I am happy to have included that story because I have travelling with me two researchers and aides from the ministry in Nassau: Joy Newbold and Jamahl Strachan. Ms. Newbold was born in the year the coup took place in Grenada in 1979. Mr. Strachan was born in 1988 well after both the coup and the invasion had taken place. The idea that there had been a coup in a CARICOM country had been news to them and with this inclusion they were enlightened about the story. It led to a full discussion with the secretary general again on the need for a definitive narrative on how we have come to where we are.
That disagreement over Grenada did not break up CARICOM. In fact at the heads of government meeting in The Bahamas from July 4 to July 7, 1984, Nicholas Brathwaite, chairman of the Interim Advisory Council, Grenada was accepted into the conference as the legitimate representative of the Grenadian people and the representative of Jamaica Edward Seaga was also there at the CARICOM table.
The conference continues to meet, often in a most passionate form.
The second thing that I remember from that time with Sir Lynden was that a decision was made on the question of putting the Tourism School for the University of the West Indies in Nassau. He said that he had made it plain to his colleagues that since The Bahamas was then the leader of tourism in the region that was the best place to put the school and they agreed.
That was my introduction to CARICOM.
In 1979, as the director of news and public affairs for our Broadcasting Corporation, I got to meet for the first time one Percival James Patterson, otherwise known as P.J. He was then foreign minister for Jamaica in and around the time of the coup against Maurice Bishop in 1979. As fate would have it, I became minister of foreign affairs of The Bahamas in 2002 and ended up working closely with Mr. Patterson on perhaps the most contentious issue of our era: that of Haiti and the overthrow of Jean Bertrand Aristide as president of Haiti about which I shall have more to say later.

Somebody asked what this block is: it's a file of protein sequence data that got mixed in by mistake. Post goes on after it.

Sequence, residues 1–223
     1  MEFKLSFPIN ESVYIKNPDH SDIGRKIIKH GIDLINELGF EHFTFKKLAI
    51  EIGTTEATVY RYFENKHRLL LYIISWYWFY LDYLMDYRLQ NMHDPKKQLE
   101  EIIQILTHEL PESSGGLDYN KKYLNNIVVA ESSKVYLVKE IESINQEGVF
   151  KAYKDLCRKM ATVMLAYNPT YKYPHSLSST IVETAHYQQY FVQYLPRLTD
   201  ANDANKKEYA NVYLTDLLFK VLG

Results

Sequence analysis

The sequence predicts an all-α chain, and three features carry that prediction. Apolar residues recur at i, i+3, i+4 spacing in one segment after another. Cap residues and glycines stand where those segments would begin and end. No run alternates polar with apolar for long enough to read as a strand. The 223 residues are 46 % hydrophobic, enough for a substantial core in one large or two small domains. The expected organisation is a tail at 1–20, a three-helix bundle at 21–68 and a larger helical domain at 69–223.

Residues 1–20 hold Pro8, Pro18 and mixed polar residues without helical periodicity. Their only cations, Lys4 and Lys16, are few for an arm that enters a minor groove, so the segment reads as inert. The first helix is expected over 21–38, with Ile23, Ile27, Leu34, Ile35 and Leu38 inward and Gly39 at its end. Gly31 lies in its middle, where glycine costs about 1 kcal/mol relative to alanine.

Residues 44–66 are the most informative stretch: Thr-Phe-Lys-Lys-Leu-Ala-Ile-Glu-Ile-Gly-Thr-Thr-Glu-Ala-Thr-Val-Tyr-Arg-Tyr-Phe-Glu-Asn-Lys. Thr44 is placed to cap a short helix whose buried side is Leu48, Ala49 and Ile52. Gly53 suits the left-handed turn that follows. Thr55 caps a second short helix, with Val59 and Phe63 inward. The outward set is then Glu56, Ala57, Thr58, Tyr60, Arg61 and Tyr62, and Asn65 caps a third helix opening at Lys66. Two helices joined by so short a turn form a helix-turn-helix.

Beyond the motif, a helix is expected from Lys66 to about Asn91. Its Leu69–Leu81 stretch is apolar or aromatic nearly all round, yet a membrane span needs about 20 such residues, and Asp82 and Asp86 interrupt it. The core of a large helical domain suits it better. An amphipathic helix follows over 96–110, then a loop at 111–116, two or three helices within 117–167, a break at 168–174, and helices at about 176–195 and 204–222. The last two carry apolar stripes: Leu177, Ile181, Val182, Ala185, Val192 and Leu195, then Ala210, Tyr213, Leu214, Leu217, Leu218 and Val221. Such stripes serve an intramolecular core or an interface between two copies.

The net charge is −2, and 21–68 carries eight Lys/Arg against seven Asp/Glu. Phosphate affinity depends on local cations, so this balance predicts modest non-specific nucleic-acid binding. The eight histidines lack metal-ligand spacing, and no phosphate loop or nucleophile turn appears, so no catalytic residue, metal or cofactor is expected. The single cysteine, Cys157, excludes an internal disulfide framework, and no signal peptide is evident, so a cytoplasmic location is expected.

I turn now to a document that was adopted by the heads of government in 1997 which loomed very large when I became minister in 2002 but seems now to have lapsed into obscurity; but you will see why I am arguing now that it should become more central to what CARICOM is and should be revisited and updated. It is called the Charter Of Civil Society. It was adopted in 1997 and while it is not justiciable, or so it appears, in that it is not community law in so far as I am aware, the document says the following at XXVI: "The states declare their resolve to pay due regard to the provisions of this charter."
As lawyers often say, at the very least then this charter is binding in honor. It forms the basis of a descriptive and normative set of values to which we all adhere and aspire and if any country does not agree with those values, then ipso facto they cannot be a member of CARICOM. Thus those who argue in favor of Cuba becoming a CARICOM member without changes in the conduct of the internal arrangements at governance in Cuba may have an uphill battle.